Vienna, March 10 – More than 500 Cossack Old Believers have announced plans to surrender their Russian citizenship and seek Belarusian citizenship instead in order to protest Moscow’s failure to live up to its promises to provide them with the support they need to resettle in rural Cossack communities in Tomsk oblast.
According to Sobkorr.ru’s Sofia Mikitik, citing a report by Sergey Britvin, a journalist who works with the Independent Slavic Correspondent Center, the Russian government in early 2008 had approved their resettlement in the Asinovsk district of that oblast but has now reneged on its promises (www.sobkorr.ru/news/4B978125E5BA0.html).
A small group of Cossack Old Believers from Kazakhstan visited Tomsk but after waiting months for promised housing and being forced to live in “half-destroyed” buildings, they returned. Angered by that betrayal, they and their fellow Cossacks last month “decided to give up their Russian citizenship” but possibly move to somewhere in Siberia.
Their actions, while apparently about only a tiny group, nonetheless call attention to three larger issues: the failure of Moscow’s repatriation effort, the worsening relationship between President Dmitry Medvedev, and the hostility of the Moscow Patriarchate of the Russian Orthodox Church to the Old Believers.
Despite the hopes of many in Moscow, the Russian government’s efforts to attract ethnic Russians and Russian speakers from former Soviet republics has now more or less failed, with the numbers of people willing to make that move remaining microscopically small and Moscow’s support for the program continuing to fall.
Moreover, despite the hopes of many Cossacks that the Russian powers that be will look to them as adjunct supporters of its efforts to enforce law and order and hold the periphery, President Medvedev has been far less supportive of Cossack demands than either of his predecessors.
Not only did the Kremlin leader last month disband many of the so-called “Cossack” units that had been set up in the Russian military, but he also has not been willing to make use of these often irregular forces in places like the North Caucasus as many Russian nationalists in the force structures have urged (www.apn-spb.ru/column/article7017.htm).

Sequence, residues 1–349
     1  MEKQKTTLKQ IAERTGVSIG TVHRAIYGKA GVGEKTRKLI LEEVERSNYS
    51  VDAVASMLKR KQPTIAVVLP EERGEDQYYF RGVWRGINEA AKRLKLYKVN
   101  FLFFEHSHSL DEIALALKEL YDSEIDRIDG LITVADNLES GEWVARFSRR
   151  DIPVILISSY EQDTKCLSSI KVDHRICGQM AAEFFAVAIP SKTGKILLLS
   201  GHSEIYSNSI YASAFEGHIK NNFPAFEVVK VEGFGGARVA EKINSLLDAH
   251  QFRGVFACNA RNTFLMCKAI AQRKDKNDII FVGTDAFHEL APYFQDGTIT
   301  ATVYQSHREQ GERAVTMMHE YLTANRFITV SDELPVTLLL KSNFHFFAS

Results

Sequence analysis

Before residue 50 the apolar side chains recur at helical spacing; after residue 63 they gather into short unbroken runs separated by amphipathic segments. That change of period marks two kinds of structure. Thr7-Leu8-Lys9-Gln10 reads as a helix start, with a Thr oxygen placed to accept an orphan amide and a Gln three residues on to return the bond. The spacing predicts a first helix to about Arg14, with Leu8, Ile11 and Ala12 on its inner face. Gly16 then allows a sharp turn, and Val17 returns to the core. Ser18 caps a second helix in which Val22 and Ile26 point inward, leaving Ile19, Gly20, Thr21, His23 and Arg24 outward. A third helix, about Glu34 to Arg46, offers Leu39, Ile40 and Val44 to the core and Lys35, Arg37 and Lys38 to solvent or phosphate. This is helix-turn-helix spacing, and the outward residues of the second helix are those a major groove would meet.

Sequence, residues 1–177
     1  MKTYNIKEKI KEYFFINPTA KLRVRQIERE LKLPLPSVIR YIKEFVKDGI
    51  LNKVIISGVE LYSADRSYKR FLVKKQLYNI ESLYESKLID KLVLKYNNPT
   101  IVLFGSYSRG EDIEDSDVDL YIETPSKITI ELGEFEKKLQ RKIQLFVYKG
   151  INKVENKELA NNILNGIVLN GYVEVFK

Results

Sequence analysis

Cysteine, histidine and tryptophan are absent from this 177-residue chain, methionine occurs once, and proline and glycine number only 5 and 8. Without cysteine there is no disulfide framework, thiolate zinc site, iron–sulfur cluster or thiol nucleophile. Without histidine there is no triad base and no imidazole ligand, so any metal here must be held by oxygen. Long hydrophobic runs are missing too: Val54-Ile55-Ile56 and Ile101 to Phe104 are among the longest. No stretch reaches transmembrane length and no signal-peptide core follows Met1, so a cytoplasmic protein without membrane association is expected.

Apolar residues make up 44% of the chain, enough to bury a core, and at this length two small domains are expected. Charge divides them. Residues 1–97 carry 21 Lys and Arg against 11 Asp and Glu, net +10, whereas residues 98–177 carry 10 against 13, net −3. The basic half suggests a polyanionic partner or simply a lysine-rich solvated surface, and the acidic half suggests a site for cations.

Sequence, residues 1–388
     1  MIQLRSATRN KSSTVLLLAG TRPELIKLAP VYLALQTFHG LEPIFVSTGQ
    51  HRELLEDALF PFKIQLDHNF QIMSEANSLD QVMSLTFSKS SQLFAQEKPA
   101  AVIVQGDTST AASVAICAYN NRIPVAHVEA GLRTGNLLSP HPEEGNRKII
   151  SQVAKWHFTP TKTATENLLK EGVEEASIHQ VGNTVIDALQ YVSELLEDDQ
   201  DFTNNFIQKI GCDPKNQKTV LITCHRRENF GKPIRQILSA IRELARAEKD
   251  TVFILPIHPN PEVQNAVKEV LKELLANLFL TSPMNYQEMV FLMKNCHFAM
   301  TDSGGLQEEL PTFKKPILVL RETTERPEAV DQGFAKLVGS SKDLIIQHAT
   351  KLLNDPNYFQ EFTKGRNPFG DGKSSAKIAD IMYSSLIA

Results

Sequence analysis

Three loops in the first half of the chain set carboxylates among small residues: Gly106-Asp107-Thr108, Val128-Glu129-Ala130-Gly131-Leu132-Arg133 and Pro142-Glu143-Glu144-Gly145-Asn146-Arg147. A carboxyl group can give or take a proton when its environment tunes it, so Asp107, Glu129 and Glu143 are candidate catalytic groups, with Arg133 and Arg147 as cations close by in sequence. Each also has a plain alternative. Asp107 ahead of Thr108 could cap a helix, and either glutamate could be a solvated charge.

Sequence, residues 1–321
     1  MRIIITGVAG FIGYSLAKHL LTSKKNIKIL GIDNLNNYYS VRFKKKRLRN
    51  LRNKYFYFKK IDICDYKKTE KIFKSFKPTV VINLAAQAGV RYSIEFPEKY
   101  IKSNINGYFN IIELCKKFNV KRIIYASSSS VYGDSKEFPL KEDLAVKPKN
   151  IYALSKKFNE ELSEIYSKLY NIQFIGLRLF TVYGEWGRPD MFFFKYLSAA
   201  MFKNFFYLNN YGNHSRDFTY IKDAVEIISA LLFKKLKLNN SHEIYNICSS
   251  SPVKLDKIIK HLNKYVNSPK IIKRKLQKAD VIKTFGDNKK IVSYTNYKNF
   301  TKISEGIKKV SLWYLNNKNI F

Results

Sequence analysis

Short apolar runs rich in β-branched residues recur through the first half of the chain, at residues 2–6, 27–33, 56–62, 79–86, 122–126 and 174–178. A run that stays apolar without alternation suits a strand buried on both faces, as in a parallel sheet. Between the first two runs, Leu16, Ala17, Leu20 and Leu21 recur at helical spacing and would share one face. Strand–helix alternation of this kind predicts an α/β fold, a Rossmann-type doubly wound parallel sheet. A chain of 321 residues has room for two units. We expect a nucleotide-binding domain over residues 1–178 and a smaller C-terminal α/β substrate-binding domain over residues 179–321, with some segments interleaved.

And the fact that the Russian government has failed to live up to its promises to support this group of Old Believer Cossacks likely reflects the increasing influence of Patriarch Kirill and those in the Russian Orthodox Church who have anything but a positive view of this group that many hierarchs continue to refer to as “schismatics.”
But beyond those immediate political issues in this case, there is a larger one: the relative weakness of ethnic identity among those most people in Moscow in the West are inclined to include as members of the ethnic Russian nation. Not only do the Cossacks increasingly view themselves as distinct, but they appear willing to make that clear in this most interesting way.
By choosing to give up Russian citizenship and to take Belarusian passports even though they hope to move to Siberia, the Cossack Old Believers of Kazakhstan are showing that the boundaries both internal and external of Russian ethno-national identity are fraying in yet another way – and that the existence of other Slavic states is playing a role.
To the extent that Moscow officials focus on that reality, the Russian powers that be may try to force both Minsk and Kyiv not to agree to accept such people as citizens of Belarus and Ukraine. But if it is forced to take that step, Moscow will thus be acknowledging and to a bigger audience the extent of problems with Russian national identity.